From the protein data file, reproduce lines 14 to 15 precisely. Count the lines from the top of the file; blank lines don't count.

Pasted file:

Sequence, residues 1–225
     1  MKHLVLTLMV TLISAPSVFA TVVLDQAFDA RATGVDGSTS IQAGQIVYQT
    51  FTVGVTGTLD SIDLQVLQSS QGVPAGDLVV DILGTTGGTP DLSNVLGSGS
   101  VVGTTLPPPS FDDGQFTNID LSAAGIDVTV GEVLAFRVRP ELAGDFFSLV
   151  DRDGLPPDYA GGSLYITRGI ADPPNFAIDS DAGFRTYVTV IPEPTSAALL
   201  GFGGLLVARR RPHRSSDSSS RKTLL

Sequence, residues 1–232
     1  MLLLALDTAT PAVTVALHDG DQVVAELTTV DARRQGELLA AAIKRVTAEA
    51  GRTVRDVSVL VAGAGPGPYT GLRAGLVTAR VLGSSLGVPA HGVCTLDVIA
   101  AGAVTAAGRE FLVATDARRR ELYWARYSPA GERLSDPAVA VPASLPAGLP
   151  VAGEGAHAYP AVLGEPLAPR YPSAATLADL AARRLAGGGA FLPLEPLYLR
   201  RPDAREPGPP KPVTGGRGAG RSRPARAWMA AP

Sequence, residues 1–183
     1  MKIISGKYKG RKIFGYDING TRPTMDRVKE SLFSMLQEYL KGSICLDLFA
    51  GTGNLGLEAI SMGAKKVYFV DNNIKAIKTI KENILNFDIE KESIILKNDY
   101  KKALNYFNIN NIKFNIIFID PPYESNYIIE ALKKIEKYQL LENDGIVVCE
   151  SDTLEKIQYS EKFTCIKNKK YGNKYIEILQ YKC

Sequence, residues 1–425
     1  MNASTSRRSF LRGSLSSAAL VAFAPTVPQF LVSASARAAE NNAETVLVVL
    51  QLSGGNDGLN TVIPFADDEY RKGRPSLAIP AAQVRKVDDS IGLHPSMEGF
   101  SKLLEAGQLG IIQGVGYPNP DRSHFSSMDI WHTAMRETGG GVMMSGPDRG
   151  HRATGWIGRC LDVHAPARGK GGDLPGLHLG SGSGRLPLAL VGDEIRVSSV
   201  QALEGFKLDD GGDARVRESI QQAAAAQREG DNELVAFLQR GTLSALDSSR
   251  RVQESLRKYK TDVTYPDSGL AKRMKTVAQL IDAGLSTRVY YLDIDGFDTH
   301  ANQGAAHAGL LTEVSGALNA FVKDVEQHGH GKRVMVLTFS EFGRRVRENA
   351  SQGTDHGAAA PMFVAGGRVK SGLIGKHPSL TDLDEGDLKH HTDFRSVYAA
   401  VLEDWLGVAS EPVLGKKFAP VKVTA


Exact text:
     1  MKIISGKYKG RKIFGYDING TRPTMDRVKE SLFSMLQEYL KGSICLDLFA
    51  GTGNLGLEAI SMGAKKVYFV DNNIKAIKTI KENILNFDIE KESIILKNDY